Patrick Pearse

Irish Teacher, Barrister, Poet, Writer, Nationalist and Political Activist

Patrick Pearse holds a significant role in Irish history. As one of the leaders of the 1916 Easter Rising and a signatory of the Irish Proclamation, he proclaimed the Irish Republic by reading the Irish Proclamation outside the GPO on Easter Monday, 24th April 1916. 

Early Life

Patrick Pearse was born in Dublin on November 10th 1879 at 27 Great Brunswick Street now named Pearse Street. His father James was a stonemason from Birmingham and his mother Margaret was from Dublin.  Patrick was the second eldest child in the family and he had two sisters and one brother.  From an early age Patrick had a strong interest in the Irish language and spent many summers in Galway learning Irish. He joined the Gaelic League in 1896 and he became editor of its newspaper An Claidheamh Soluis (The Sword of Light).

Move into Politics

Patrick set up a bilingual school for boys, St Enda’s in September 1908.  In 1910 the school moved out to the Hermitage in Rathfarnham.  Patrick supported the Home Rule Bill in 1912. This signalled his direct involvement in politics where previous to this his main activities were focused on education and literature. With the level of opposition to the Home Rule bill by unionists Patrick began to contemplate that a rebellion was necessary to secure Irish Independence.   

In November 1913 Patrick was invited to the inaugural meeting of the Irish Volunteers and in the same year, he was also sworn into the Irish Republican Brotherhood (IRB).  In the following months and years Patrick became more involved in political activity; he became a member of the IRB’s Supreme Council and its secret Military Council. On August 1st 1915, Tom Clarke asked Patrick to deliver the graveside oration at the funeral of the Fenian Jeremiah O’Donovan Rossa. Tom told Patrick to make it “as hot as hell”.   Patrick delivered a speech that aroused the huge crowd that was present. His speech ended with the following forceful words “… the fools, the fools, the fools, they have left us our Fenian dead and whilst Ireland holds these graves, Ireland unfree shall never be at peace”.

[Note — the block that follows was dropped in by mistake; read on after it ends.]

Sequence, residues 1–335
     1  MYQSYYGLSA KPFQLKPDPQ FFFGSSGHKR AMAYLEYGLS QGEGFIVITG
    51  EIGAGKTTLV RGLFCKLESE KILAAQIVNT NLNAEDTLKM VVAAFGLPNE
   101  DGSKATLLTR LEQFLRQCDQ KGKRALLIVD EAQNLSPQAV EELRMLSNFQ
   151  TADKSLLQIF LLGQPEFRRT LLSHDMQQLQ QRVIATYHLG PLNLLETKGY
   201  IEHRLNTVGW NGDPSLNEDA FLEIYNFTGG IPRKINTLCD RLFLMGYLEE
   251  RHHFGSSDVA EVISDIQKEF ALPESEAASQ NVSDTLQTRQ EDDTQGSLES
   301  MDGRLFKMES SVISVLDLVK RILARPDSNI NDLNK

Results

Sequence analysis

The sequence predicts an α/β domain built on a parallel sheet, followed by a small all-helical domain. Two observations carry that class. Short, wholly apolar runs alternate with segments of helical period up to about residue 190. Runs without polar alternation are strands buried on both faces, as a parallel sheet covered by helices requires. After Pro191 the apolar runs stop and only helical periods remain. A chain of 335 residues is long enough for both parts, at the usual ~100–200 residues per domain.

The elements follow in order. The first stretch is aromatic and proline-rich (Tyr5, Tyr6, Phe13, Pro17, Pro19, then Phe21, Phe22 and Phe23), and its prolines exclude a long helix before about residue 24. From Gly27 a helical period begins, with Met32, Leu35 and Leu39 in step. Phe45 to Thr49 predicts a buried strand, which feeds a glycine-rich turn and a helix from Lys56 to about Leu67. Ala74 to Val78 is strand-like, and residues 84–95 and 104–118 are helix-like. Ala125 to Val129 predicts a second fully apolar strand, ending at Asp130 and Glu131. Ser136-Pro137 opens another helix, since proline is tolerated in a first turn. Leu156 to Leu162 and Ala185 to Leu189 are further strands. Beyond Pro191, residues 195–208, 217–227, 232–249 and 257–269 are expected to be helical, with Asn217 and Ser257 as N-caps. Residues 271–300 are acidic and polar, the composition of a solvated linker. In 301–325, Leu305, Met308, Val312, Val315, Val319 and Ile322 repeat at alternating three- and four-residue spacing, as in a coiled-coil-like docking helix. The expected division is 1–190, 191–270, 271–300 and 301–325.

1916 Easter Rising

Patrick was prominent in all stages of planning the 1916 Easter Rising including the drafting of the Irish Proclamation. Before the start of the Easter Rising he was chosen as president of the Irish Republic. He proclaimed the Irish Republic by reading the Irish Proclamation outside the GPO on Easter Monday, 24th April 1916 and along with James Connolly, he commanded the GPO Garrison for the week of the rebellion. As the fighting continued throughout the week, Patrick became increasingly aware of the amount of destruction that the Easter Rising had caused and the number of civilians that had lost their lives. Fearing the loss of more innocent lives, Patrick Pearse surrendered to General Lowe at 3.30pm on Saturday 29th April.

Following his arrest Patrick was taken to Richmond Barracks where he was court martialled. He was sentenced to death.  On May 3rd 1916, Patrick Pearse was executed in the Stone Breakers’ Yard of Kilmainham Gaol. He was the first of sixteen leaders to be executed.  His brother Willie Pearse was executed the following day on May 4th 1916.  They are both buried in Arbour Hill.


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